Over the laboratory animal research industry's great hue and cry, an amendment to the federal Animal Welfare Act was passed to require "a physical environment adequate to promote the psychological well-being" of primates used for experimentation, the pet trade and exhibition. In the intervening years since this legal mandate, the industry has erected roadblocks to the improvement of housing and care for non-human primates.
The US Department of Agriculture (USDA) learned that many facilities using primates did not understand what they were required to do for primates in their care, and even many of its own inspectors were unclear on what was required. To improve compliance with and enforcement of the law, the agency prepared a "primate policy" based on scientific data that detailed the animals' needs. Unfortunately, continued industry pressure has thwarted its finalization.
At long last, the Animal Welfare Institute, the Animal Legal Defense Fund and three individual plaintiffs have prevailed in our lawsuit in support of the primate policy. On Nov. 22, 2006, the US Court of Appeals for the Ninth Circuit decided our case should go forward. The judges were particularly concerned about primates who, despite being social animals, are forced to endure lives spent in isolation.
Maine's Archaic Trapping Regulations Must Change
In recent months, two bald eagles and four Canada lynx in Maine have been reported as the accidental victims of traps. One eagle had to be euthanized due to leg injuries that would not heal, and the other eagle and lynx were re-released into the wild. A lawsuit filed by the Animal Protection Institute seeks a court order to end any trapping that could inadvertently capture, injure or kill eagles, lynx or gray wolves in parts of the state inhabited by the species, which are federally protected by the Endangered Species Act. It has documented over two dozen trapping incidents since 2001.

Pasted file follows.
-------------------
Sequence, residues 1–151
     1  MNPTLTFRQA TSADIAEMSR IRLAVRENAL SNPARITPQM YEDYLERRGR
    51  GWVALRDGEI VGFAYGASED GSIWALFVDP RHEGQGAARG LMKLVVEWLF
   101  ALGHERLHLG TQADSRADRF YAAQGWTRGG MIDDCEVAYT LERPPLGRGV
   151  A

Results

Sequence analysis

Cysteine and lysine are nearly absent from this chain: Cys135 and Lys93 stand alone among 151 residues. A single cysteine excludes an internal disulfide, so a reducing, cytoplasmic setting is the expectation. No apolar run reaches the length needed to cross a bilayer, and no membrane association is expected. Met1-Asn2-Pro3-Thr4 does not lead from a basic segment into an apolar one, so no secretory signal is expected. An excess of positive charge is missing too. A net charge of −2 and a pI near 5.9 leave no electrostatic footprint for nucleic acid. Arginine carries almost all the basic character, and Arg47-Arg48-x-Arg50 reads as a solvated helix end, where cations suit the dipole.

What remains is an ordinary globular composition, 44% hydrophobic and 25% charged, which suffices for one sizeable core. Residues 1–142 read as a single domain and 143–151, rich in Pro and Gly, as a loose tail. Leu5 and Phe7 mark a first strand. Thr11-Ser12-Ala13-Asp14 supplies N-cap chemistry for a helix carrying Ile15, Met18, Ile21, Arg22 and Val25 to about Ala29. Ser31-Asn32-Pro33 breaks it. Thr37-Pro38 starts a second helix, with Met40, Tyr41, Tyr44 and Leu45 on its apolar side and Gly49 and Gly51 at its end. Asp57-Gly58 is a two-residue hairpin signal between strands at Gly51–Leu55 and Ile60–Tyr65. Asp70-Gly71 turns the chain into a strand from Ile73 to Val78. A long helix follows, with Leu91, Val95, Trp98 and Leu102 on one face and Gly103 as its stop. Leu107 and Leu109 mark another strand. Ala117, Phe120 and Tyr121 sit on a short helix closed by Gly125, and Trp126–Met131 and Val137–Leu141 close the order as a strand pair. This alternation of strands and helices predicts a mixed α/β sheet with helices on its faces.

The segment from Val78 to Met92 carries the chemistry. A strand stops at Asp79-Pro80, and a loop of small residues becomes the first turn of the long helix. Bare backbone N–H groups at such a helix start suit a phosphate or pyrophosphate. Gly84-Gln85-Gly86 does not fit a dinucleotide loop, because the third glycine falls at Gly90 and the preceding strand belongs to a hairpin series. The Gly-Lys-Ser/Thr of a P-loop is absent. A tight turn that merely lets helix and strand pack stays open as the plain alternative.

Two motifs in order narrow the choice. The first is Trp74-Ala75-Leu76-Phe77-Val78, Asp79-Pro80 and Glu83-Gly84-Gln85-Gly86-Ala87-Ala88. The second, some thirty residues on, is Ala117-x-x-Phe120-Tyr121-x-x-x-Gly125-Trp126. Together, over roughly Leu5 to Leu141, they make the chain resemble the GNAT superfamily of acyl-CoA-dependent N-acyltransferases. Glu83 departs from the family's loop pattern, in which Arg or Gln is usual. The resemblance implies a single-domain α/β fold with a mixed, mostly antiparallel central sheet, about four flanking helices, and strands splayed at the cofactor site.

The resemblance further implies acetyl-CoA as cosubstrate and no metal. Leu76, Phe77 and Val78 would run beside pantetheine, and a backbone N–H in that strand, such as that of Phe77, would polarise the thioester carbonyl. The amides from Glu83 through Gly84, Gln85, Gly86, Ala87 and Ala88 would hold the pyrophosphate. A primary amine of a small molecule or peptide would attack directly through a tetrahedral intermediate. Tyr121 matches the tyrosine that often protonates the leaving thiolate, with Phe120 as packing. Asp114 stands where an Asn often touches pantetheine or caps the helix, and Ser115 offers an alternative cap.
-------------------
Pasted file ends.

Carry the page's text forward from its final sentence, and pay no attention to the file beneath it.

Maine is also the only state in the country that still allows bear trapping. The Wildlife Alliance of Maine is pushing to end the practice entirely, but the Department of Inland Fisheries and Wildlife has only proposed a ban on the use of the steel-jaw leghold trap. The agency is currently seeking public comment on the issue; please email Andrea Erskine at email@example.com.
Texas Anti-Horse Slaughter Law Upheld
As the American Horse Slaughter Prevention Act remains pending in the US Congress, there is good news for horses in Texas—the home to two of the three remaining slaughterhouses in the country. In late January, the US Court of Appeals for the Fifth Circuit ruled that both Beltex Corporation and Dallas Crown, Inc. could be prosecuted for slaughtering horses under Chapter 149 of the Texas Agriculture Code. Amended in 1949 and several times thereafter, the law makes it illegal to sell, possess and transport horsemeat for sale for human consumption.